Belgrade, Serbia. A former state printing company has become the favorite haunt of Belgrade's underground youth. The entrance of one of BIGZ clubs, viewed from a hidden set of stairs.

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Riffs and Concrete: Communist Print F...
By Aurélien Cohen
23 Mar 2013

Belgrade, Serbia. A former state printing company has become the favorite haunt of Belgrade's underground youth. It’s during the weekend that BIGZ really wakes up. On this picture, people stand outside the Cekaonica Jazz club on BIGZ’s top floor on a Friday night.

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Riffs and Concrete: Communist Print F...
By Aurélien Cohen
22 Mar 2013

Belgrade, Serbia. A former state printing company has become the favorite haunt of Belgrade's underground youth. A gipsy jazz band playing at the Cekaonica. “ I think this club is a beautiful place. It really gives a chance to play to many musicians." Kristjan, saxophonist, says

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Riffs and Concrete: Communist Print F...
By Aurélien Cohen
22 Mar 2013

Belgrade, Serbia. A former state printing company has become the favorite haunt of Belgrade's underground youth. Two printing companies are still in business on the first floor of the building. The companies use dated tools.

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Riffs and Concrete: Communist Print F...
By Aurélien Cohen
22 Mar 2013

Belgrade, Serbia. A former state printing company has become the favorite haunt of Belgrade's underground youth. The building's geometric shapes are typical of the Bauhaus style.

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Riffs and Concrete: Communist Print F...
By Aurélien Cohen
22 Mar 2013

Belgrade, Serbia. A former state printing company has become the favorite haunt of Belgrade's underground youth. BIGZ is a perfect example of Bauhaus architecture. This staircase showcases some of the building's perspectives.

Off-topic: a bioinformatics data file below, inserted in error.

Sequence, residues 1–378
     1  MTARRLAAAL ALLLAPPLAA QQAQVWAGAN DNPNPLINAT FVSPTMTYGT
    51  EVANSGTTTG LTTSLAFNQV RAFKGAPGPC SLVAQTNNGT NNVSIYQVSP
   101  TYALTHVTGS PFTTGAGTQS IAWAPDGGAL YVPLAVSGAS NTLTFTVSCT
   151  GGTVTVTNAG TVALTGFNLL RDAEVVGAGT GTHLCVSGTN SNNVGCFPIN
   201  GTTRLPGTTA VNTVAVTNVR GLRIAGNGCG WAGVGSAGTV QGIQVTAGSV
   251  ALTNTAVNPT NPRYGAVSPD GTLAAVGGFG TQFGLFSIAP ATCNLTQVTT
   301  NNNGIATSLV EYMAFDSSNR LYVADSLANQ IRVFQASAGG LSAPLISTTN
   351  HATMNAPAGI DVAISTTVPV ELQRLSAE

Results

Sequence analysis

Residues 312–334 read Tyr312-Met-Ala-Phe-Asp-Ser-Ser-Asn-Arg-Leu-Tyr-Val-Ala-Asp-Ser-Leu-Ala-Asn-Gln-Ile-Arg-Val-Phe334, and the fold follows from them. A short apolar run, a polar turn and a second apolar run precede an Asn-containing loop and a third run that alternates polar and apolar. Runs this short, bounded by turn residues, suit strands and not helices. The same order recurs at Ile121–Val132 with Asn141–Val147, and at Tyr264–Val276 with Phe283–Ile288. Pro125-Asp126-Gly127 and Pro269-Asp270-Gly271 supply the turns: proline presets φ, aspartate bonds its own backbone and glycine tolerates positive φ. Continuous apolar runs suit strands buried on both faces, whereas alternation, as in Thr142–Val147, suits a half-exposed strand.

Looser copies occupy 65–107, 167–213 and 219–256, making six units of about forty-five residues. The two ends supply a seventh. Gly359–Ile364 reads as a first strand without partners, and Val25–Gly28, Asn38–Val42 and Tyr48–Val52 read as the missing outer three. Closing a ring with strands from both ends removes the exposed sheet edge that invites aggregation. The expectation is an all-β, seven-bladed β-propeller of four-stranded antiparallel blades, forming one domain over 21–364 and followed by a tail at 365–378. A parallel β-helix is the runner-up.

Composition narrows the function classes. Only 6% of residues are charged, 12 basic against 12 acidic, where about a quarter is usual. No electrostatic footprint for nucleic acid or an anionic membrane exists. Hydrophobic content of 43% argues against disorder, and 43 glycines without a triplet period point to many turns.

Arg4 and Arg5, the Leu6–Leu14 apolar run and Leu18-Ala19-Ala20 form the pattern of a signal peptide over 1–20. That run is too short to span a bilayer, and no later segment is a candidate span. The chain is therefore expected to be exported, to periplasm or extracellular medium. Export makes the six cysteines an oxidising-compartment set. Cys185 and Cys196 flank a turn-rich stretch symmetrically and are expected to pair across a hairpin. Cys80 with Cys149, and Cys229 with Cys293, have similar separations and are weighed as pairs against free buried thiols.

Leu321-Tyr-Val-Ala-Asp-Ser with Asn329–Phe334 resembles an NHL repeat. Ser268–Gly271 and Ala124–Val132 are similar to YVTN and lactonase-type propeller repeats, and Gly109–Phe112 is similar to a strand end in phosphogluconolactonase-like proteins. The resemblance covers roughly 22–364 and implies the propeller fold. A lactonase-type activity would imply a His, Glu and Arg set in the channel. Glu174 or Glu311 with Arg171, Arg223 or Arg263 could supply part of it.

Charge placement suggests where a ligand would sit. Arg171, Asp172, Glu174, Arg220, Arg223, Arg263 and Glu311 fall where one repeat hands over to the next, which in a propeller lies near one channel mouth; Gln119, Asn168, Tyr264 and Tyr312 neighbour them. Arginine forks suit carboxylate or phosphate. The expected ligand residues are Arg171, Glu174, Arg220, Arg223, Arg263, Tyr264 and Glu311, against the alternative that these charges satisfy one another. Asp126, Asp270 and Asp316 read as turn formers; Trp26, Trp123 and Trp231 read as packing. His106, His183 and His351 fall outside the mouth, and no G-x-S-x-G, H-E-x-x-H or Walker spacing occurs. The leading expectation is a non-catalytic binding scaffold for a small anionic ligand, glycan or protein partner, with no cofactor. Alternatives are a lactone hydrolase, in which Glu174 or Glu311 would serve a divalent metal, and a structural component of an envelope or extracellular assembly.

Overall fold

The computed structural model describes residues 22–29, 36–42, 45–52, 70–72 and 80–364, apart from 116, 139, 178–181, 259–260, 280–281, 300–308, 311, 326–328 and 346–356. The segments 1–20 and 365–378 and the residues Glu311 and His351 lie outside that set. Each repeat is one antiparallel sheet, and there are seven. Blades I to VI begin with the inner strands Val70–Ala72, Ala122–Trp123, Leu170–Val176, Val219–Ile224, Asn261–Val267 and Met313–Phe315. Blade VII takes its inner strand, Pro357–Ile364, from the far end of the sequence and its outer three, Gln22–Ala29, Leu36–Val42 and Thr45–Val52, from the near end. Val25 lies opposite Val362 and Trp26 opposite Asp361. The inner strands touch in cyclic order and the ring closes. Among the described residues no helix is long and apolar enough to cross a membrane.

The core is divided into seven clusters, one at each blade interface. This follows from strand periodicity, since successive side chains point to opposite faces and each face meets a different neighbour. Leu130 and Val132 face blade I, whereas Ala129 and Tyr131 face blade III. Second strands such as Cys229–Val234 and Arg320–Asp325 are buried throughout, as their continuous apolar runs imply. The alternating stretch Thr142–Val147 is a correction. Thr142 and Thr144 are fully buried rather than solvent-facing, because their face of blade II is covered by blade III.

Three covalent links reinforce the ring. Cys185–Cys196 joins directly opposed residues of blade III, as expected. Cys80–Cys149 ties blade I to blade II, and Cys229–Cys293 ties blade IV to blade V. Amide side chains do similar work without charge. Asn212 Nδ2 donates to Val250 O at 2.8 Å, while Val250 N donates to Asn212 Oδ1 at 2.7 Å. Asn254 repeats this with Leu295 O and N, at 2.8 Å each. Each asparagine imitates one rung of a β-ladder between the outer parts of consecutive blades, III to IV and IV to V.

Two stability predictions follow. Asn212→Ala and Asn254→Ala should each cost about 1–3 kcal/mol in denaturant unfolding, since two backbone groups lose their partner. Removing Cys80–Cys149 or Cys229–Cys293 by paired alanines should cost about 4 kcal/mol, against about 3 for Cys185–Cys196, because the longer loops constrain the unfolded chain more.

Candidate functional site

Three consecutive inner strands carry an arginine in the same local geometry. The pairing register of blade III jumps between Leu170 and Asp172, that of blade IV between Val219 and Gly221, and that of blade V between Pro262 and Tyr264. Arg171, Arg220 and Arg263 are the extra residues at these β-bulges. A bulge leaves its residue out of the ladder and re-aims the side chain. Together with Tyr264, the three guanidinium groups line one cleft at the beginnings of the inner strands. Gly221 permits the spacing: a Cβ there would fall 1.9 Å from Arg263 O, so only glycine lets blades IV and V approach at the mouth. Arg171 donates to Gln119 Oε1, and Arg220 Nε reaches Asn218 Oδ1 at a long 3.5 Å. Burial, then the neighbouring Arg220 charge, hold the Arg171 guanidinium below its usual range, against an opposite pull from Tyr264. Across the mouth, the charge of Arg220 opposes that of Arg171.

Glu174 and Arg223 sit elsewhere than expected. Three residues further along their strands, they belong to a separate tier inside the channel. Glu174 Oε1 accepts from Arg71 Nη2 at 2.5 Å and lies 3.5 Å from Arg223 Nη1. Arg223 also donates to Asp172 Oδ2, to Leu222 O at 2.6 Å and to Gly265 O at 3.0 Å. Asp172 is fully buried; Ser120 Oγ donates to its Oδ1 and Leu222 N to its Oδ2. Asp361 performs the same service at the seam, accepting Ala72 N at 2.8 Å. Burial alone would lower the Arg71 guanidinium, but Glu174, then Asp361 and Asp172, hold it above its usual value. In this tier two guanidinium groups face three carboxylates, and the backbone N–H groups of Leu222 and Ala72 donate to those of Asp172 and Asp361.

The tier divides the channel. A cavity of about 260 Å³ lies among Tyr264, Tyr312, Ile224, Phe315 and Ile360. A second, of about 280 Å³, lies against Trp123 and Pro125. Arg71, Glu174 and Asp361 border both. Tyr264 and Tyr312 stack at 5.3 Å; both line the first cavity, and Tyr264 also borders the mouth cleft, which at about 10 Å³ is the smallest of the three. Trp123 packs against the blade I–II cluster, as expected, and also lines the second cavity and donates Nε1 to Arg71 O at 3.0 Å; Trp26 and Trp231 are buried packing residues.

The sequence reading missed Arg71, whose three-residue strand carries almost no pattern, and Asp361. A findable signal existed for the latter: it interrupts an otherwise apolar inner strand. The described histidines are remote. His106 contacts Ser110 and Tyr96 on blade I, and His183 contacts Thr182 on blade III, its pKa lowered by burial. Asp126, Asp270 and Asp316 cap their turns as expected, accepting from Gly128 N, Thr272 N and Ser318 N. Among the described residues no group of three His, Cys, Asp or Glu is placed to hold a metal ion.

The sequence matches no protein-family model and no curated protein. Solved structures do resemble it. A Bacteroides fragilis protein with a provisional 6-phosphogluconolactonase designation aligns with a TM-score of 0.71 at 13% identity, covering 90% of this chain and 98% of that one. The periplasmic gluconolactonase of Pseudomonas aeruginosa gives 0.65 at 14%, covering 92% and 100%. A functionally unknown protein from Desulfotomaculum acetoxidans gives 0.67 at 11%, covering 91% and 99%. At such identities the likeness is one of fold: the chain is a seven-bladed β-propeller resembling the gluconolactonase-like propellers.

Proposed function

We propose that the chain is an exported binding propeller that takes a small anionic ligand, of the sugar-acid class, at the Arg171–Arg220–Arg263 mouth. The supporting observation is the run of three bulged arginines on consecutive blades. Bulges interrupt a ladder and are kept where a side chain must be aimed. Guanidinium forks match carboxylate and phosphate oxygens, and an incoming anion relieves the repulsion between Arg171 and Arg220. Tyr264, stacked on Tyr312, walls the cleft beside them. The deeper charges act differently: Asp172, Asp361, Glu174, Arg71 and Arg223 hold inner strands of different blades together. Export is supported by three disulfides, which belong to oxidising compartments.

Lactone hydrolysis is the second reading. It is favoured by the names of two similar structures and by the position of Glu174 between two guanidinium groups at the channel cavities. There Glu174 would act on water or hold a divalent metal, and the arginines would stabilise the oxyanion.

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Riffs and Concrete: Communist Print F...
By Aurélien Cohen
22 Mar 2013

Belgrade, Serbia. A former state printing company has become the favorite haunt of Belgrade's underground youth. The marble-covered walls are rare remains of the building’s former splendor.

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Riffs and Concrete: Communist Print F...
By Aurélien Cohen
21 Mar 2013

Belgrade, Serbia. A former state printing company has become the favorite haunt of Belgrade's underground youth. The monumental BIGZ is surrounded by construction sites in Senjak neighborhood, on the east bank of the river Sava.

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Riffs and Concrete: Communist Print F...
By Aurélien Cohen
19 Mar 2013

Belgrade, Serbia. A former state printing company has become the favorite haunt of Belgrade's underground youth. A gipsy jazz band playing at the Cekaonica. “ I think this club is a beautiful place. It really gives a chance to play to many musicians", Kristjan, saxophonist, says.

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Riffs and Concrete: Communist Print F...
By Aurélien Cohen
18 Mar 2013

Belgrade, Serbia. A former state printing company has become the favorite haunt of Belgrade's underground youth. One of the three main staircases and its dangerous - yet still in use - elevators.

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Riffs and Concrete: Communist Print F...
By Aurélien Cohen
18 Mar 2013

Belgrade, Serbia. A former state printing company has become the favorite haunt of Belgrade's underground youth. One of the countless labyrinthine graffiti-covered halls and rehearsal studios doors.